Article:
Several different inputs are analyzed to the point where an assumption can be made based on a person’s behavior over time. Content is then populated, or an action taken that the program deems would be most useful for that person, all in the name of improving the user experience. But what if the person in Florida doesn’t like oranges and the person in Georgia doesn’t like peaches? This is where the human touch comes into play
Finding the Ethical Balance Between Smart Personalization and Human Privacy
AI algorithms require and collect personal user data to customize the experience in a unique and valuable way for a specific user. However, they can sometimes be too rigid when analyzing only the data without considering personal preference, free will, or choice.
AI alone, without any oversight, can also go too far, as there’s a fine line between personalization and privacy, and AI can’t make the distinction on its own. A human developer addresses this issue by providing the guardrails necessary to ensure ethical design and desired behavior while also incorporating the flexibility needed to give users a greater sense of choice.
How Do You Protect Your Customers?
Software must be built so the user can determine what data they want to provide to improve their life or minimize evasiveness. On the front end, as software is being designed, developers can build flexible architecture with certain constraints in mind to provide an ethical and secure framework around how the AI algorithm works. This allows users to define where the line is or how much personal data they allow into the architecture or the cloud.
Ultimately, users want AI to optimize the tasks they need to perform but don’t want the AI to make decisions for them without approval. This idea of choice is another critical element of why the human touch is so imperative in the development process, even as the industry has sought faster and more efficient ways of writing software programs.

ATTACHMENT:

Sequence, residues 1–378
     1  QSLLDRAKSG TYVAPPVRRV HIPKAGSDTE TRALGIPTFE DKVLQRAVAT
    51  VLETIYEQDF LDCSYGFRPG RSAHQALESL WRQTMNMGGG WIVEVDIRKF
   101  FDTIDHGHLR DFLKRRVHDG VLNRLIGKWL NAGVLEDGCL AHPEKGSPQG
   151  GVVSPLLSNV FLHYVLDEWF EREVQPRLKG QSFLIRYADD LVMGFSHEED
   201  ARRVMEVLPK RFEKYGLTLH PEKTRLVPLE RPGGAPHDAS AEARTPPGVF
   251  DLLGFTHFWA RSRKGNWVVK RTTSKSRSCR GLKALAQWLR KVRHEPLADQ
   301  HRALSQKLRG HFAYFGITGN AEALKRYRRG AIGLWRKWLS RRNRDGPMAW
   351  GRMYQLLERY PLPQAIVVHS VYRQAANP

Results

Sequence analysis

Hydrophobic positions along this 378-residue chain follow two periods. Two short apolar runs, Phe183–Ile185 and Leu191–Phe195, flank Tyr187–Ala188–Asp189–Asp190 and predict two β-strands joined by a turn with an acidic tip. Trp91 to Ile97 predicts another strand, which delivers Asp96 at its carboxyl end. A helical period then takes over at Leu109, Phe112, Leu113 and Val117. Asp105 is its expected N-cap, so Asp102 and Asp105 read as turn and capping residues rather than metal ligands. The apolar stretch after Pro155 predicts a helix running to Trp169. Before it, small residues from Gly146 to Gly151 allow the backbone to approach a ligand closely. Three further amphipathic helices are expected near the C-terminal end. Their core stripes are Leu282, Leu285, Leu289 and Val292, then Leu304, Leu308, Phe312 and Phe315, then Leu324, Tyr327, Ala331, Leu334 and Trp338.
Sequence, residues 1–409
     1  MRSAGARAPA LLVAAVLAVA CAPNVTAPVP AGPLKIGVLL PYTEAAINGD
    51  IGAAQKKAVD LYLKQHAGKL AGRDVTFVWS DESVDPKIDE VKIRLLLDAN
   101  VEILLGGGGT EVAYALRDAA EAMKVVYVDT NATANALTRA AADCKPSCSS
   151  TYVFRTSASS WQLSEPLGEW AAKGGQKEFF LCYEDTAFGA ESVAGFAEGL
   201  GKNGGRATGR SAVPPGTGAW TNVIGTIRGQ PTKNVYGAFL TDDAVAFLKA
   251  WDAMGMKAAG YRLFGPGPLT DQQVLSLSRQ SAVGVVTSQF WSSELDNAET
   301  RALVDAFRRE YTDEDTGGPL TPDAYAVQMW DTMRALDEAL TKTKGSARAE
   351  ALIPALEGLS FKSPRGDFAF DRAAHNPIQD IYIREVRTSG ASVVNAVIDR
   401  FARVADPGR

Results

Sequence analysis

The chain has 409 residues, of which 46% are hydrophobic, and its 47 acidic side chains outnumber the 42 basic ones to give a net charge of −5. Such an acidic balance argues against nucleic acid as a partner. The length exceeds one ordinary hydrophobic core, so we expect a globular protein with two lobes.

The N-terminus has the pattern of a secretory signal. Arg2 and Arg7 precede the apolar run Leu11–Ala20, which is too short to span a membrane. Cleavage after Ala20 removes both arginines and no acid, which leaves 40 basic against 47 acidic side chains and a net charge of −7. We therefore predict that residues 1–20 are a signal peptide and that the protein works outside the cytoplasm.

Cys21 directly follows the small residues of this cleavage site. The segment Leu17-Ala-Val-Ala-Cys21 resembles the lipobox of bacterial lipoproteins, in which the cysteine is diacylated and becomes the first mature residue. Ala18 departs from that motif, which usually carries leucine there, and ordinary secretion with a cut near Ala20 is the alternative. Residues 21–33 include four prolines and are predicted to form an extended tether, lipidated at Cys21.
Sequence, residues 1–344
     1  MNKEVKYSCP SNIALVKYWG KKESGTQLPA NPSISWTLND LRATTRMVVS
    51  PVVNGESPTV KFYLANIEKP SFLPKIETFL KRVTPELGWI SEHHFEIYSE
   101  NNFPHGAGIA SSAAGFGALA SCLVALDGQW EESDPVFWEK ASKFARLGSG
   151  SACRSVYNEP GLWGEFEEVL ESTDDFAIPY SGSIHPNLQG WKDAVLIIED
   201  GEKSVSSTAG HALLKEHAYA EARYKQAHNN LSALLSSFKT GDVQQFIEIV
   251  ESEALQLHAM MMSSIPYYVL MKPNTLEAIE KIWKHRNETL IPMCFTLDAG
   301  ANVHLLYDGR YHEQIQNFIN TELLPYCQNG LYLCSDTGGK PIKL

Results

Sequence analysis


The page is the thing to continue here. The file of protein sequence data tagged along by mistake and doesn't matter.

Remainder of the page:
The Artistry of Software Engineering From the Human Touch
As a means of automating code writing, code generators were introduced several decades ago to quickly write new code and get applications to market faster. Requiring minimal human intervention, the developer would simply set what it needed the app to do, and then code was generated for that specific purpose. It was easy to write code that would solve a particular problem and take the user from point A to point B in the most efficient way possible.
However, the lack of human touch is the issue with this model. There’s no consideration for the user experience or innovation that excites and delights; the software is simply working to solve the problem without room for interpretation. Alternatively, the human coder can push boundaries and determine how to interpret the user requirements to decide the best path between the two points.
Flexible Code Environments Make Efficient Programming
For example, if a program were coded to simply draw a tree, a code generator would produce the same tree over and over with no differentiation in color, leaf type, size, etc. There would be no artistry behind it, and users wouldn’t have the ability to choose from various tree designs. Instead, they’d have to accept the tree the generator produced. But when an engineer has the ability to integrate their personal touch, the artistry of software design is unveiled, and the experience becomes something very different.